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Facial recognition tech used by UK cops is ‘dangerously inaccurate’

May 15, 20183 mins

Overall, the facial recognition technology used by UK cops has resulted in inaccurate matches 95 percent of the time.

facial recognition - biometric security identification - binary face
Credit: Thinkstock

What’s “dangerously inaccurate” and puts the burden of proof on citizens who are incorrectly matched as a person of interest? It is the automated facial recognition technology being used by police in the UK. The face recognition runs alongside surveillance cameras on the street, scanning crowds and public spaces to match faces in real time against folks on watchlists.

How wildly inaccurate is the technology? The Metropolitan Police, for example, have managed to correctly identify only two people, according to a new report by Big Brother Watch (pdf). However, neither one of those is a criminal — one was incorrectly on a watchlist, and the other was on a “mental health-related watchlist.”

In London, the police facial recognition tech has helped the cops make zero, zippy, negative, none when it comes to arrests. What it did manage to do was incorrectly match the faces of innocent citizens to police-created watchlists a whopping 98 percent of the time.

And in South Wales, 91 percent of “matches” made by the police’s face recognition tech were dead wrong. But, hey, they didn’t let that stop them from storing the biometric photos of all 2,451 innocent people wrongly identified by the system for 12 months. Big Brother Watch noted that the policy “is likely to be unlawful.”

The South Wales cops reportedly staged “interventions with 31 innocent members of the public incorrectly identified by the system who were then asked to prove their identity and thus their innocence.”

NeoFace Watch not as accurate as NEC Corp. claims

Both the Metropolitan and South Wales police force use NeoFace Watch, an automated, AI facial recognition product made by the NEC Corporation.

NeoFace is branded as the world’s “fastest and most accurate face recognition technology.” That’s fairly scary when you consider how widely inaccurate it has been for the UK cops. NeoFace has also, according to Big Brother Watch, “not been tested for demographic accuracy biases.”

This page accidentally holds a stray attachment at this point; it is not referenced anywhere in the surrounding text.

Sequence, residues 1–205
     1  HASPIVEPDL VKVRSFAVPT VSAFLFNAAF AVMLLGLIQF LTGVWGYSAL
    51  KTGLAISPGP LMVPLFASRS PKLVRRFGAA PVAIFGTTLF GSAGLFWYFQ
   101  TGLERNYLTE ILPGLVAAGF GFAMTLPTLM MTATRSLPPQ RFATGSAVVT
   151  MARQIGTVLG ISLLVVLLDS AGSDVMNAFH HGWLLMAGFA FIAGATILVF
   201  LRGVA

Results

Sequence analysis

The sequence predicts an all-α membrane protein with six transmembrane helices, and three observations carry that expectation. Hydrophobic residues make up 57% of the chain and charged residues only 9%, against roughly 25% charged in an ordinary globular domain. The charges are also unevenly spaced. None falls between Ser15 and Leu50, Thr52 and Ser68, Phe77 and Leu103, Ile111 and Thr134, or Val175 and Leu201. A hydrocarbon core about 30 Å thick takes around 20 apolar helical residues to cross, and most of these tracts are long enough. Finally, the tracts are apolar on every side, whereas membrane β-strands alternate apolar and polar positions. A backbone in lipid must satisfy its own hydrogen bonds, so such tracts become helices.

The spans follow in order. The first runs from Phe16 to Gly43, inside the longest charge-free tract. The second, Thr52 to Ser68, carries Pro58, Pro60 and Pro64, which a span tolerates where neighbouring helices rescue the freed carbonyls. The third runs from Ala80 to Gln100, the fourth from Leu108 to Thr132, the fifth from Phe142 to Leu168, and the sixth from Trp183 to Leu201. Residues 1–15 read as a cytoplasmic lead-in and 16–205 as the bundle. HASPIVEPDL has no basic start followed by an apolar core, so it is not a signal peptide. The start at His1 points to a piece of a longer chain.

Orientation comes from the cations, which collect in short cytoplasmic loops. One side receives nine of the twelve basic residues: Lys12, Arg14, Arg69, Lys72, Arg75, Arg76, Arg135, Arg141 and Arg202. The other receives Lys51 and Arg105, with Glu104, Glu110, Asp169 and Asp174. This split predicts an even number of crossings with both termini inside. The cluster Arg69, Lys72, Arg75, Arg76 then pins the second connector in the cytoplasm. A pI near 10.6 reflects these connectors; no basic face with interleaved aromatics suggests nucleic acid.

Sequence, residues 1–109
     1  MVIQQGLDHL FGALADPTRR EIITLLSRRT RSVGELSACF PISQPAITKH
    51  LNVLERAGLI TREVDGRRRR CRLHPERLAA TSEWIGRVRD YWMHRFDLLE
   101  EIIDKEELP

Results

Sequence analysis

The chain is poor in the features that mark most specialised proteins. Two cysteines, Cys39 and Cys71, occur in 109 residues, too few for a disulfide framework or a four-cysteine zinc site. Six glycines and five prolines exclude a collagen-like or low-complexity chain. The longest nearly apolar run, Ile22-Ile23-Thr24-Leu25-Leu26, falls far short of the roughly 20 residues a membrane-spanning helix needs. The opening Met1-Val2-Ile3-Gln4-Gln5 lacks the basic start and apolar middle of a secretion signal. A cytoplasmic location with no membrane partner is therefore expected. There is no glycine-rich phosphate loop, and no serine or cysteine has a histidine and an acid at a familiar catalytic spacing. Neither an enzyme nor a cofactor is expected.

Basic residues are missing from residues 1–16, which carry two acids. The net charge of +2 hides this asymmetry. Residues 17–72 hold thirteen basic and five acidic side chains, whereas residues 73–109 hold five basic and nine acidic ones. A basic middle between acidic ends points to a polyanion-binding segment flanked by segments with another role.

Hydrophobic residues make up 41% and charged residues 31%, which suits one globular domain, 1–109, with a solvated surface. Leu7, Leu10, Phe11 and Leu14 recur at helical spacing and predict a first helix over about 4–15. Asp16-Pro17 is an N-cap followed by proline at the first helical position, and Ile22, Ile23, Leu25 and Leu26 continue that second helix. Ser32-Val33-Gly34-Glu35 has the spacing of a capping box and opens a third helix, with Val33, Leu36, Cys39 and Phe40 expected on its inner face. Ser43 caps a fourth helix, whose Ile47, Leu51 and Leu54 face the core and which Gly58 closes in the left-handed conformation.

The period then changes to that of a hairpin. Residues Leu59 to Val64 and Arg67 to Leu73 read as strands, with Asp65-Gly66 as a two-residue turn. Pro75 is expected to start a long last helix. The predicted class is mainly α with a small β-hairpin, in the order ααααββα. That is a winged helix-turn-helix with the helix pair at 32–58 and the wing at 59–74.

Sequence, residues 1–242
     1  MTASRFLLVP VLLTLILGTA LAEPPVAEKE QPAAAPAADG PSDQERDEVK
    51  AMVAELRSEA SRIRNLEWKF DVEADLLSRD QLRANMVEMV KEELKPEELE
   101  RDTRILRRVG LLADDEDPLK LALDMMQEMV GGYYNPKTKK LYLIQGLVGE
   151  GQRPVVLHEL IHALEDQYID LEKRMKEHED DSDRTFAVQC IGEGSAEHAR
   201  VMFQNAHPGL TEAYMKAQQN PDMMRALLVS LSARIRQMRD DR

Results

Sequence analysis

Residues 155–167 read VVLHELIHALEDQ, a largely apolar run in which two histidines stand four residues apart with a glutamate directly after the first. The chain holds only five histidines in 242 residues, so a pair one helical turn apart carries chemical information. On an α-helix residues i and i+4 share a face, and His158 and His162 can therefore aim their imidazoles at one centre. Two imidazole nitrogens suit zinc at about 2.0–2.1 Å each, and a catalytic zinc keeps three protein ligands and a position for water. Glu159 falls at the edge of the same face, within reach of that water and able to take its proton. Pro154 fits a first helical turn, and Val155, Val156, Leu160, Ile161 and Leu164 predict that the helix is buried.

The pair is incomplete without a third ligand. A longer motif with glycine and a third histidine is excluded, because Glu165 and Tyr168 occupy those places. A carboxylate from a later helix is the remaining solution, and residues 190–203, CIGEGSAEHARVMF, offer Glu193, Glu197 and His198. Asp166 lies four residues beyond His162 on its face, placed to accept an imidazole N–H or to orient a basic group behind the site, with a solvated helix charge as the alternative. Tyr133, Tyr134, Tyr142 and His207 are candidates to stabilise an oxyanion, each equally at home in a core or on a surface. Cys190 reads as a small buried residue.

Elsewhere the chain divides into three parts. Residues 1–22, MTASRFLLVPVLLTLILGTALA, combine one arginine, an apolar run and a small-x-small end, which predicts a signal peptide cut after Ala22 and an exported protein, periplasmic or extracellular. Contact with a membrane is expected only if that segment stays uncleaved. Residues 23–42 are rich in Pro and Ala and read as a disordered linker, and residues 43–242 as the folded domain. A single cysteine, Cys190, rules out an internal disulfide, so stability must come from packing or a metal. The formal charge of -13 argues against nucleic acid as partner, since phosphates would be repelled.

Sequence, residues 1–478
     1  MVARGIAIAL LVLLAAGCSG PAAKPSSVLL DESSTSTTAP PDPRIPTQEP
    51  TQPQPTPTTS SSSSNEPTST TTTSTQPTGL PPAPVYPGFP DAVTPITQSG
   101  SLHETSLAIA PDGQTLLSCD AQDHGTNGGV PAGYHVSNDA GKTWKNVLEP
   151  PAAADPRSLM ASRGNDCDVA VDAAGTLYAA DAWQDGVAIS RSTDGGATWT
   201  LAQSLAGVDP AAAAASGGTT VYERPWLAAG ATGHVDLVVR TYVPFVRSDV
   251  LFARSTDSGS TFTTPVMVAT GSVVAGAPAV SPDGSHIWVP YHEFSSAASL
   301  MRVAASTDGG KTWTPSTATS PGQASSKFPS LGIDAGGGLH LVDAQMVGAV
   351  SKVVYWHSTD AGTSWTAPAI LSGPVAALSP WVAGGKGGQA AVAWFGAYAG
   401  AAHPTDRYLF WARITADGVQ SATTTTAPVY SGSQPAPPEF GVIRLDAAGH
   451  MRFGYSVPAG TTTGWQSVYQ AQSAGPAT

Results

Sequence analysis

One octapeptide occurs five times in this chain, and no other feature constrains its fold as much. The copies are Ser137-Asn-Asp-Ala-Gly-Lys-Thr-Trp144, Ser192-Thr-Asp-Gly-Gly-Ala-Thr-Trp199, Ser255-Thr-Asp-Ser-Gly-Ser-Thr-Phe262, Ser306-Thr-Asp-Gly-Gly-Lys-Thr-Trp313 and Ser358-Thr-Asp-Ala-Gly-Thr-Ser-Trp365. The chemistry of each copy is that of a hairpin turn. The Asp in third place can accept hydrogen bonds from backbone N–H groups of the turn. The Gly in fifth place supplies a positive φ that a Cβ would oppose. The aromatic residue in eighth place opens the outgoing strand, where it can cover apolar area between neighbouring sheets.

Yet the facial recognition tech has been deployed “at shopping centers, festivals, sports events, concerts, community events — and even at a peaceful demonstration. One police force even used the surveillance tool to keep innocent people with mental health issues away from a public event.”

So, how many face photos of innocent people are the cops sitting on? Big Brother Watch noted:

Out of the 35 police forces that responded to our Freedom of Information request, not one was able to tell us how many photos they hold of innocent people in their custody image database.

Big Brother Watch warned that “automated facial recognition cameras are biometric identification checkpoints that risk making members of the public walking ID cards.”

As for how the cops defended the system, South Wales police claimed it had a “number of safeguards” in place, while Metropolitan cops told the BBC, “Regarding ‘false’ positive matches — we do not consider these as false-positive matches because additional checks and balances are in place to confirm identification following system alerts.”

Nevertheless, Big Brother Watch Legal & Policy Officer Griff Ferris wrote:

The UK already has one of the world’s largest CCTV networks. Adding real-time facial recognition to our surveillance state’s already worryingly militaristic arsenal would fundamentally change policing in the UK, and indeed the health of our democracy. Innocent citizens being constantly tracked, located and identified — or, as is currently most likely, misidentified as a criminal — by an artificially intelligent camera system conjures up images of futuristic dystopian societies that even Orwell would be proud of.

ms smith

Ms. Smith (not her real name) is a freelance writer and programmer with a special and somewhat personal interest in IT privacy and security issues. She focuses on the unique challenges of maintaining privacy and security, both for individuals and enterprises. She has worked as a journalist and has also penned many technical papers and guides covering various technologies. Smith is herself a self-described privacy and security freak.